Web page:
No Compromise [Secure eReader]
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eBook by Rochelle Alers
eBook Category: Romance
eBook Description: As the driven executive director of The Sanctuary, a program dedicated to reaching out to victimized women, Jolene Walker has neither the time nor the energy for a personal life ... until she meets United States Army Captain Michael Kirkland, a sexy, powerfully compelling intelligence expert who tempts her to trade in her eighteen-hour work days for sultry nights of sizzling passion. But their bliss is shattered when Jolene takes on a mysterious new client whose deadly secrets plunge her into a terrifying world of danger, leaving Michael no choice but to risk everything to save the woman he loves...
eBook Publisher: Harlequin/Kimani Press, Published: 2007
Fictionwise Release Date: October 2007
3 Reader Ratings:
"I can't believe you're actually leaving, sir."
United States Army Captain Michael Blanchard Kirkland glanced over his shoulder when he heard the familiar voice; his grim expression softened as he stared at his assistant standing at attention in the doorway of the small space he shared with another military aide. A slight smile tilted the corners of his firm mouth.
"At ease, Franklin." He turned back to filling the canvas bag on his desk. "You've got a serious case of denial."
Second Lieutenant Kyle Franklin stepped into the office and closed the door. His dark gaze lingered on the tall, perfectly proportioned physique of Michael Kirkland in civilian clothes. He'd seen his superior officer out of uniform many times over the past year, but only outside the Pentagon. The realization that Captain Kirkland was to begin an official leave of absence saddened him, because he'd enjoyed serving as his assistant.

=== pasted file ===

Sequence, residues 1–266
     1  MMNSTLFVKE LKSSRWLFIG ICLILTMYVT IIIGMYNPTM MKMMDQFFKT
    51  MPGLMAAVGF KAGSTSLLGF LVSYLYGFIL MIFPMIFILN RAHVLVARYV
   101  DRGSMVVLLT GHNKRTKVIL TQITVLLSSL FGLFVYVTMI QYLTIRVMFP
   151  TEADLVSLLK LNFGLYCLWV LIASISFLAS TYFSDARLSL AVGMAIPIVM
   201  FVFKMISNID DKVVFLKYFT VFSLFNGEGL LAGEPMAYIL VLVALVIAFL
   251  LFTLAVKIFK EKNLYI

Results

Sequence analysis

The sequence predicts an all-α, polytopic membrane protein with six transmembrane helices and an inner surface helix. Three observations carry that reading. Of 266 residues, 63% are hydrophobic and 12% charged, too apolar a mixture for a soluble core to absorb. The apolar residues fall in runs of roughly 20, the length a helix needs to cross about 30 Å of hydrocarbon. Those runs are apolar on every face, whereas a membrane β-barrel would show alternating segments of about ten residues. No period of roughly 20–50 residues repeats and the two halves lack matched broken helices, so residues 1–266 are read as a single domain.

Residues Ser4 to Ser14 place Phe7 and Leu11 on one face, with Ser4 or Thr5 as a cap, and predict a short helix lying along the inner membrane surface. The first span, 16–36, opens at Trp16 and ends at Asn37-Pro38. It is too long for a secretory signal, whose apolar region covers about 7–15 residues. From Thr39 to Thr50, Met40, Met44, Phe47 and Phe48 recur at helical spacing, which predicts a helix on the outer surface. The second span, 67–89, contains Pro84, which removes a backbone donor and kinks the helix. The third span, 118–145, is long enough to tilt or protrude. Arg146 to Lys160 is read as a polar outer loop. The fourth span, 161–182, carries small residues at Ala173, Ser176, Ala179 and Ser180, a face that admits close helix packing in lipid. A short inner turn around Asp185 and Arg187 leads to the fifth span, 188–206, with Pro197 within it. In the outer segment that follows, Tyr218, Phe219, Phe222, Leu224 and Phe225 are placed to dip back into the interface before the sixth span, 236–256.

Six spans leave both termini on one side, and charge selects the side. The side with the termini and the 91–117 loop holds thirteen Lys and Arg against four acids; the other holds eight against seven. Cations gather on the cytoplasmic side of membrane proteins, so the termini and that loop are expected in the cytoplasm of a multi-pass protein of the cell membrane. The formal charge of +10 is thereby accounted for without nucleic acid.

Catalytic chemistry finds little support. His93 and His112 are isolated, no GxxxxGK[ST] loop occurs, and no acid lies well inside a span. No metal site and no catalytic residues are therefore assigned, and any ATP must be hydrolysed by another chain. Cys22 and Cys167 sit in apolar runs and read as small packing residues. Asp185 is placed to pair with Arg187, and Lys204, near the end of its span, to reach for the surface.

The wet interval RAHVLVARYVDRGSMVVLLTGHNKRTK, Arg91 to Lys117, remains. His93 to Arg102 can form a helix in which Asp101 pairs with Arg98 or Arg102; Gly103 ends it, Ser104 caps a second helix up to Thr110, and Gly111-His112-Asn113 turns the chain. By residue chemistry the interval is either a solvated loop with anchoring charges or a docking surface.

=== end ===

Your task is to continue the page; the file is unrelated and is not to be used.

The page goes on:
"I just hoped you'd change your mind, sir."
Michael pushed a small leather-bound planner into the bag and zipped it. He was finished. Now, all he had to do was walk out of the world's largest office building, retrieve his car, drive to the 14th Street Bridge, cross the Potomac River, and make it to his residence in Georgetown and freedom.
He'd spent the past four years waging an undeclared cold war with General Harry Cooper—a war that could only end without a winner. General Cooper wanted from him what he was unable to give any man: his passion. That he reserved for women only.
At first he thought he'd imagined the two-star general's subtle interest in his private life, but as one year became two, three, and then eventually four, he knew that the older career officer would never approve his request to return to his former post as a highly trained military intelligence officer. And because Coop, as most of his staff referred to him, had become more aggressive with his sexual advances Michael had requested and was finally granted an official six-month leave.
Coop was livid once his aide had gone over his head to solicit the approval, but there was little he could do to contest it after the request was authorized by the head of the Joint Chiefs of Staff.
Lieutenant Franklin did not understand that he had to leave before he was court-martialed. And if General Cooper had made an attempt to physically touch him, he would've forfeited his life; what Michael had to decide was whether he would dispatch Coop quickly, silently, and mercifully, or make him suffer until he begged to die.